Good for the gander... but what about the geese?
Market Insights | Investment Solutions

Paul Ashworth, Managing Partner David Clark, Director Antony James, Analyst

The Australian economy is expanding, with GDP of 3.4% and unemployment at 5.0%. This growth has supported the increased revenues of the ganders (Commonwealth and State Governments)... but what about the geese (households)?
Posted 02 November 2018

The Australian economy is growing strongly, with GDP of 3.4% and unemployment at 5.0%. However, the macro data is obscuring the frailty of household finances that are starting to wobble under the strain of a multi-decade long debt binge and insipid wage growth.

Over the past ten years, positive demographic trends and higher immigration, have supported growth in government revenue, and in turn, government spending.

The Commonwealth Government has seen its total tax revenues increase by 36%. Nearly 70% of this increase stemming from higher personal income tax receipts, which have increased by 56% in absolute terms. Interestingly, receipts from corporate tax during this period have increased by just 2%, adding fuel to the union movement's fire.

At a State level, the story is similar, receipts from population growth stimulated taxes - such as stamp duty, payroll and motor vehicles - have delivered a remarkable 55% increase in state revenues. The most significant increase has come from property taxes (stamp duty + land tax), the result of rising property prices and increased transactional volumes. Across all state’s property taxes have increased by 67%, for Victoria and New South Wales the increase is more marked, property taxes have more than doubled.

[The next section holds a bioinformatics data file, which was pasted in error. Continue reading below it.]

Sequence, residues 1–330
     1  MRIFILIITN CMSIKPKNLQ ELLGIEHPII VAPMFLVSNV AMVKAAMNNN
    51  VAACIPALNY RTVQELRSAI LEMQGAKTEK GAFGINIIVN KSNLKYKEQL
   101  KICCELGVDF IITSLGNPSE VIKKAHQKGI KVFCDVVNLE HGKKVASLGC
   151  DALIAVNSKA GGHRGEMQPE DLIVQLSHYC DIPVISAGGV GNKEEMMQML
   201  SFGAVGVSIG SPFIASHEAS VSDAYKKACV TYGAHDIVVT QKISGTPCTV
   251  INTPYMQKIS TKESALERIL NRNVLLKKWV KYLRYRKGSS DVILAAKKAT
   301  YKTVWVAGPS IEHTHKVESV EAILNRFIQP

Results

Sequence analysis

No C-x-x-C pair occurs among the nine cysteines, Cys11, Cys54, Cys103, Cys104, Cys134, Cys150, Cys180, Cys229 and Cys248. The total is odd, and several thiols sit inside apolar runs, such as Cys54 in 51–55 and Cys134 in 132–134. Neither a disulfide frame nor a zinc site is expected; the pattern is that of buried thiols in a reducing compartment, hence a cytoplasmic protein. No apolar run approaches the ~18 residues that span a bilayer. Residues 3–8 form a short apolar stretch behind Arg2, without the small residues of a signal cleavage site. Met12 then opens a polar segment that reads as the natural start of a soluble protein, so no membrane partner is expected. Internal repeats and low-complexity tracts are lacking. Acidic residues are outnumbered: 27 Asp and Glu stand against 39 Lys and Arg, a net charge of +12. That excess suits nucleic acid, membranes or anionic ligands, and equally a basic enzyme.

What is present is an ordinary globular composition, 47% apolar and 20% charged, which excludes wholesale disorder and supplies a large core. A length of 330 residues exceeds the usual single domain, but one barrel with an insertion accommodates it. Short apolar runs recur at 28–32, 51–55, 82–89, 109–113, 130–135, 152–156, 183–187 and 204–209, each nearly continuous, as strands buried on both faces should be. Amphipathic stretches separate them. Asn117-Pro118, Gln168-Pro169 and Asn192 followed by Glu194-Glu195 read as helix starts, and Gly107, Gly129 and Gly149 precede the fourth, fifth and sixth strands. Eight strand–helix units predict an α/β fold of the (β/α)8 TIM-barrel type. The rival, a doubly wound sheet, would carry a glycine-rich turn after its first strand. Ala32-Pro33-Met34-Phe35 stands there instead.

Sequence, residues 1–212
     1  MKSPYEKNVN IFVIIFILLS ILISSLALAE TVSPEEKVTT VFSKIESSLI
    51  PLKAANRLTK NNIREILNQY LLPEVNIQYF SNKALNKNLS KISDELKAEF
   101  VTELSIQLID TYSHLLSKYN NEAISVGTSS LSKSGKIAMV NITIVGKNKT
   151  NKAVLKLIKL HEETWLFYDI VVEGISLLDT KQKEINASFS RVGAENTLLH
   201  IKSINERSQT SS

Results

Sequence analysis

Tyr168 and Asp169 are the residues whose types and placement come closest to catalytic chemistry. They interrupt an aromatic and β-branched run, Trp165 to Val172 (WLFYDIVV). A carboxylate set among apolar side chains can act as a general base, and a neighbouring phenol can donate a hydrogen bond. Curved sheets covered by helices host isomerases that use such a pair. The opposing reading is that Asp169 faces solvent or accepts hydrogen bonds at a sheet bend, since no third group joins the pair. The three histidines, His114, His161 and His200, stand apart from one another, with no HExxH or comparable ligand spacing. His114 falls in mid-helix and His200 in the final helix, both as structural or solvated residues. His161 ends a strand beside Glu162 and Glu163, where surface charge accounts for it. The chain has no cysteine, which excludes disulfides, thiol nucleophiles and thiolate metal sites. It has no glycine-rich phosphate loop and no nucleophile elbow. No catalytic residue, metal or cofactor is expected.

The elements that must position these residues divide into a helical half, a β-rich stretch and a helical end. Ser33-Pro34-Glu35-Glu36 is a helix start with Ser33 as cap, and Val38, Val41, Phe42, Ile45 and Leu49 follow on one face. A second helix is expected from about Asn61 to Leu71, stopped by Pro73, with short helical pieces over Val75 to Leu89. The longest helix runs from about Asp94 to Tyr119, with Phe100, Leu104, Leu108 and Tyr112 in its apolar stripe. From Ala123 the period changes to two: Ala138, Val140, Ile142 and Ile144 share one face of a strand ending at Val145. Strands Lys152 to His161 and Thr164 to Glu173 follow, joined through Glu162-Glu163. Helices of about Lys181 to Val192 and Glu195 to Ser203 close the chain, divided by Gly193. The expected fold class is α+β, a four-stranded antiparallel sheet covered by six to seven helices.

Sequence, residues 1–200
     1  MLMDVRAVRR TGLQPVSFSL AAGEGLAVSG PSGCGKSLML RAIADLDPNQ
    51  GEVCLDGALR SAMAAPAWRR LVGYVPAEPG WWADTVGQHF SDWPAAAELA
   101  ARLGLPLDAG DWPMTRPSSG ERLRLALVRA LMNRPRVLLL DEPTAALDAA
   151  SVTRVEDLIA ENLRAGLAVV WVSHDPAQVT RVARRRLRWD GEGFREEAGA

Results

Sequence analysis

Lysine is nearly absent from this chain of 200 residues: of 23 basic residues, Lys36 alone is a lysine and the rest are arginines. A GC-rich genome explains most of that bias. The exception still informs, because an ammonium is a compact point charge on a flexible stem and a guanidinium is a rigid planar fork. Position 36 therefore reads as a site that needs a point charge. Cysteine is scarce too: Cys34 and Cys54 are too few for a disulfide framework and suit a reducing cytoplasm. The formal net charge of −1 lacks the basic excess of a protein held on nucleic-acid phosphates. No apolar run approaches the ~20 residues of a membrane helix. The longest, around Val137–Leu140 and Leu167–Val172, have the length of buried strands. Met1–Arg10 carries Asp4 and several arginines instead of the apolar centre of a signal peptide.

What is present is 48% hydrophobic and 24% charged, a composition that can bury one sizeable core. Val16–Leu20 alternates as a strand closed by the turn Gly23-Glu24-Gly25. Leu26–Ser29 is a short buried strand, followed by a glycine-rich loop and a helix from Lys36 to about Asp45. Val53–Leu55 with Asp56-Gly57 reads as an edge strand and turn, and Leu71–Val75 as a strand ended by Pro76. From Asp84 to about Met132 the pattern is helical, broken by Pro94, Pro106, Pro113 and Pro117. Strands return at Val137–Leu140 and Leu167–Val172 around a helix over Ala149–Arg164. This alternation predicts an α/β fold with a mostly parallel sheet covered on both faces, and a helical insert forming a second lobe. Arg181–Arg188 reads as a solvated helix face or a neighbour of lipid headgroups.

This model for growth that has relied on population growth in the absence of productivity improvement is unsustainable. At best the macro growth that we are enjoying is papering over the cracks in the Australian economy.

Normally, this type of economic performance would be enough to ensure that the ruling government would enjoy a healthy approval rating. However, there is growing unrest among voters who feel they are being squeezed between rising living costs and insipid wage growth. Moreover, they are not wrong!

Over the past five years, State and Federal Governments have seen their revenues increase by 37% and 23% respectively, over the same period the wage growth index increased by 12% and per capita GDP by just 8%. When we factor in the rising costs of essential living expenses - electricity, healthcare and so on - we see that households have experienced zero growth in real disposable income per capita since 2011.

For decades GDP and Household Disposable income have moved in tandem, in a case of what was good for the goose was good for the gander. Since 2011, this correlation has broken, increasing the size of the economy without improving the wealth of its constituents.

In the absence of rising income, households have embarked on a self-perpetuating debt spiral, bingeing on cheap credit to maintain their lifestyles, drive-up house prices, and generating a positive wealth effect that reinforces the decision to borrow more debt at lower interest rates.

This debt spiral, much like a Ponzi scheme, continues until the supply of new money stops, or in this case, the supply of cheap credit stops. Australia has now reached its credit growth peak, with supply grinding to a halt following the fallout of the royal commission and housing pricing now in decline. Without the continued windfalls of lower mortgages rates and property-driven wealth effects, household finances now look precarious with the household savings ratio below 1% for the first time since the GFC.

Overall, the Australian economy is poorly positioned, the macroeconomy has become dependent on population growth and its macro by-product. However, in the process, households have become obscured from sharing in the economic macro growth story and are now constrained by its credit profligacy since the GFC.

The takeaway points for investors are:

  1. Underweight: Sectors that are reliant on disposable household spending - retail and banking - are expected to endure a bumpy ride

  2. Overweight: Infrastructure projects, such as toll roads, that are tied to population growth will be more resilient in a downturn.

  3. Be Active: Markets are going to be more volatile over the next 12-months, rapidly creating opportunities and risks, it is important to have flexibility in your asset allocation to capitalise on short-term changes.

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